Butterfly Conservation - saving butterflies, moths and their habitats
Butterfly Conservation
saving butterflies, moths and our environment
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St John's - Stone
Photo © Michael Pitt-Payne

The amount of land around a Church can vary from a concrete yard to an extensive churchyard which, in many cases, will once have been part of a species-rich ancient pasture or meadowland. A churchyard should, of course, be a pleasant, reflective place for its congregation and visitors but there's no reason why it shouldn't also be a valuable ecological habitat - a haven for grasses, wildflowers, trees, birds, butterflies, moths and other wild creatures.

UTB runs an annual Churchyard Butterfly Survey and several of our surveyors have been working with church wardens for a number of years to create a working churchyard management plan and this is being rewarded by an increased number of butterfly species recorded there.

Helen Hyre took over the role of Churchyard Recording Co-ordinator in 2009 and will be organising the team of surveyors and writing reports of the annual survey results. If you feel you could spare some time to assist with one or more surveys please contact Helen.

You don't need to be a UTB member to join the survey team but we hope that, once you've found out more about what we do, you will want to join Butterfly Conservation!

Churchyard Management Plan

The following are some basic guidelines for churchyard management, designed to be sensitive towards the needs of both people and wildlife. With the churchwarden's approval, the Churchyard Management Plan could be displayed in the Church, maybe with a few photos, to show that the churchyard is a beautiful place to visit as well as being beneficial to wildlife.

Grass Cutting

All grass cuttings should be removed - delicate flowering plants can be smothered by grass cuttings and they also encourage stronger growing plants at the expense of wild flowers.

Paths and other well-used areas probably need to be mown as often as a lawn.

Grass around infrequently visited gravestones can be cut less often, to a height of about 3 inches (7cm). If possible, do not mow these areas from May to mid-July, to allow a good variety of plants to flower and set seed.

Mown paths through longer areas of grass will guide visitors through the "wildlife areas" and show them that it is part of a properly managed churchyard.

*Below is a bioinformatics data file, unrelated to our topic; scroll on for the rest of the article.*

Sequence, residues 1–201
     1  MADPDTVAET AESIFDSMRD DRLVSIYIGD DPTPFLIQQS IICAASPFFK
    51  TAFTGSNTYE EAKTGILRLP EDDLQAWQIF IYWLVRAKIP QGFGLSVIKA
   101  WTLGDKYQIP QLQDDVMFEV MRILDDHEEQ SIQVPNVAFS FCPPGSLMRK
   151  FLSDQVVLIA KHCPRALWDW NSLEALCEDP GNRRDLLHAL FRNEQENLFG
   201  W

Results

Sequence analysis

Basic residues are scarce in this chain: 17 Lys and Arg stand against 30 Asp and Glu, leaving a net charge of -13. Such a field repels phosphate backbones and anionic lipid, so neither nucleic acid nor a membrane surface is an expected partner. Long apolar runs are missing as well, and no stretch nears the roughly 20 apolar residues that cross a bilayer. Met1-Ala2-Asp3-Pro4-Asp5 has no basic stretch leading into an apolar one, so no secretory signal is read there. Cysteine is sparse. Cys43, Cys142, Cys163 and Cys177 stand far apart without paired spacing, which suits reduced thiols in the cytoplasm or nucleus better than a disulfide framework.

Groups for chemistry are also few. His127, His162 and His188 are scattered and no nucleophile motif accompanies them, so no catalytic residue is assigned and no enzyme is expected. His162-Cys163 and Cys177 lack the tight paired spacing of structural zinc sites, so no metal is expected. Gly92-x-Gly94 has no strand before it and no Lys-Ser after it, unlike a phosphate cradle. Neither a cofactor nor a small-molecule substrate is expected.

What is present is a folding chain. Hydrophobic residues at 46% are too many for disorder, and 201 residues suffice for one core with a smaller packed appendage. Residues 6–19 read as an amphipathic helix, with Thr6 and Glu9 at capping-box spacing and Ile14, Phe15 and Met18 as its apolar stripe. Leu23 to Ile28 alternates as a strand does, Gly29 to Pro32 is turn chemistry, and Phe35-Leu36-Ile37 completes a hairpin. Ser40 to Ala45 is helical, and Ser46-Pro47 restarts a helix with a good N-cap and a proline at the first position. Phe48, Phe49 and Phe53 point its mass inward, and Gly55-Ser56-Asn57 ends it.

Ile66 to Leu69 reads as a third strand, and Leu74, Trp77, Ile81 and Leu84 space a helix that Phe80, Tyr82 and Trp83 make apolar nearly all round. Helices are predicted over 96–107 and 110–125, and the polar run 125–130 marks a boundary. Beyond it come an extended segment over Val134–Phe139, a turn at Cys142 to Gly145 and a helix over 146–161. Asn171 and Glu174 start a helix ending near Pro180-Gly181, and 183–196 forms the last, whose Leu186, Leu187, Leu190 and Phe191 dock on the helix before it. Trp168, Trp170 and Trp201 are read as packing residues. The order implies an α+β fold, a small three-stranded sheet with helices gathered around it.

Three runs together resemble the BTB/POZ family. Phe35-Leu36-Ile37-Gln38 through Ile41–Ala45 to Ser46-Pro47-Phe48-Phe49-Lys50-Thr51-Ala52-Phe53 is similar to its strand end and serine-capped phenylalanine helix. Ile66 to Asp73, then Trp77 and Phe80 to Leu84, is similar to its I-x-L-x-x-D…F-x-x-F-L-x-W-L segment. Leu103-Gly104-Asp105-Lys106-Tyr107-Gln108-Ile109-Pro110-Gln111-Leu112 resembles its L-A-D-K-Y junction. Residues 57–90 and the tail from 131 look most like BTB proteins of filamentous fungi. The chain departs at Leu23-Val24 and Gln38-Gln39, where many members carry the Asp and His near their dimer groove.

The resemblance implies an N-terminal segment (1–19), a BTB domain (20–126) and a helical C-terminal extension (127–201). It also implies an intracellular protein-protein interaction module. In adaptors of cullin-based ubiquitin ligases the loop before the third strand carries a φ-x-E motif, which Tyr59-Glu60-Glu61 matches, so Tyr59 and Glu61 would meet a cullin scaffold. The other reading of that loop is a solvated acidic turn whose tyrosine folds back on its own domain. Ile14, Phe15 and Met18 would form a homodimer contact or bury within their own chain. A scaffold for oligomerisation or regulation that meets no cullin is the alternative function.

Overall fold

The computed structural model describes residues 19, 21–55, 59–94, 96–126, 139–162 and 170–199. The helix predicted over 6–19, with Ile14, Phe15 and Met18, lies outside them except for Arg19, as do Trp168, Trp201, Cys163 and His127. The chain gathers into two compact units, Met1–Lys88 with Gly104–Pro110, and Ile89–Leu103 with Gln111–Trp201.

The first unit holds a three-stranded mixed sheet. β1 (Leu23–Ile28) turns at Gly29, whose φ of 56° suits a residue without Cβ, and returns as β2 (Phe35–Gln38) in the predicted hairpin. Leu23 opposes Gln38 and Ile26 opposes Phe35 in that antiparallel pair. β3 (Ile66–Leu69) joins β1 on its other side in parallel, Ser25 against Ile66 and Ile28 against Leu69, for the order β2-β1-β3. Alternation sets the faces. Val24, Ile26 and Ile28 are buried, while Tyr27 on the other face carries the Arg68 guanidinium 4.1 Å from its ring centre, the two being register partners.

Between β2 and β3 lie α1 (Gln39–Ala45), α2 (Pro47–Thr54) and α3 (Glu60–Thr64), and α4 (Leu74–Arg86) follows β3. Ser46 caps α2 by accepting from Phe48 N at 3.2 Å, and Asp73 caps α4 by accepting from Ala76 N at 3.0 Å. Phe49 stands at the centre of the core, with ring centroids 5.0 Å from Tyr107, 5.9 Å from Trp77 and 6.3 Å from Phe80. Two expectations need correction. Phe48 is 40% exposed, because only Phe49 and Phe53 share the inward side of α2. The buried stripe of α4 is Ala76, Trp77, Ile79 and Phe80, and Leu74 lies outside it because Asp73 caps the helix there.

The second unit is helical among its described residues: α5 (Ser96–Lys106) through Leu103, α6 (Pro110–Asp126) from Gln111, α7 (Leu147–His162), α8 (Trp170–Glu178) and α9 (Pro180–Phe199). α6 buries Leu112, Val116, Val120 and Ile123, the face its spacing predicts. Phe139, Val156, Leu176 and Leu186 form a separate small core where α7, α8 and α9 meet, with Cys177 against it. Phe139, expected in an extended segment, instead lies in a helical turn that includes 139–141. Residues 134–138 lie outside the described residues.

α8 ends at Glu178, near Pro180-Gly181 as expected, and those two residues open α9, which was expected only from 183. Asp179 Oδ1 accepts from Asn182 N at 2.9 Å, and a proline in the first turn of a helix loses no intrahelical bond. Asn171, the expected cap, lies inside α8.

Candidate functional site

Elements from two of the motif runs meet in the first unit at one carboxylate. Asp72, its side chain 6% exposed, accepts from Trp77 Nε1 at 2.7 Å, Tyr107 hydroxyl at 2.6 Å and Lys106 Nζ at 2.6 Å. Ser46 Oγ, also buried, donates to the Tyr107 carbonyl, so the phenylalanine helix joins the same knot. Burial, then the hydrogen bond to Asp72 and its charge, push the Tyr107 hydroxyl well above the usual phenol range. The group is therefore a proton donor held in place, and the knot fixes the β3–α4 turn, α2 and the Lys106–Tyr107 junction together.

Rarely visited areas could be mown once a year in late September to allow a good variety of plants to grow. Longer areas of grass will be used by breeding 'Brown' butterflies, numerous moths and other creatures and the flowering plants within the grass by many more, making these areas the most productive part of a wildlife churchyard.


Try not to use artificial fertilisers, insecticides, herbicides and other chemicals.

Wingrave Churchyard showing different grass lengths


Ivy should be left untrimmed where possible. It is one of the main foodplants of the Holly Blue (along with holly). It provides bird nesting sites during March to July and is a late nectar source for butterflies in late summer and autumn.

Stinging Nettles

Stinging nettles in a sunny position could act as the foodplant for Comma, Peacock, Small Tortoiseshell, Painted Lady or Red Admiral and many moth species.

Planting New Trees

Ideally these should be native trees and planted where they will not shade out wildflower areas in years to come.


List of Churchyards Surveyed

The following is a list of the 68 Churchyards currently being surveyed (as at January 2014):

Berkshire Buckinghamshire Oxfordshire
Reading cemetery
Stratfield Mortimer
Tilehurst, St Michael
Wargrave cemetery
Wargrave, St Mary
Aston Abbotts
Chesham Bois
Drayton Beauchamp
East Claydon
Great Brickhill
Little Kimble
Middle Claydon
Monks Risborough cemetery
Monks Risborough, St Dunstan
Old Amersham
Stoke Mandeville
Stoke Poges
Weston Turville
Brightwell cum Sotwell, St Agatha
Brightwell cum Sotwell, St James
Chipping Norton, St Mary
Crowmarsh Gifford
Didcot, All Saints
Dry Sandford
Henley, Holy Trinity
Kings Sutton cemetery
Newnham Murren
Oxford, SS Mary & John
Stanford in the Vale
Wallingford, Memorial Chapels
Wallingford, St Leonard
West Hanney
Whitchurch Hill

How You Can Help

Is your churchyard good for wildlife? Could you visit it on 4 occasions during the year to record the butterflies you see? Would your local school like to look for butterflies in the churchyard? If so, Helen Hyre would love to hear from you, especially if you live in the following areas:

- West Berkshire

- South Bucks

- North Oxfordshire
- West Oxfordshire

and anywhere else in these 3 counties - your help will be very welcome!

Downloadable documents

  • Download the Churchyard Management Plan - Churchyard_mgmt_Jan2010.pdf (290Kb PDF file)
  • Click here for the Churchyard Butterfly Survey form.
  • For a free PDF file reader, click this image:  

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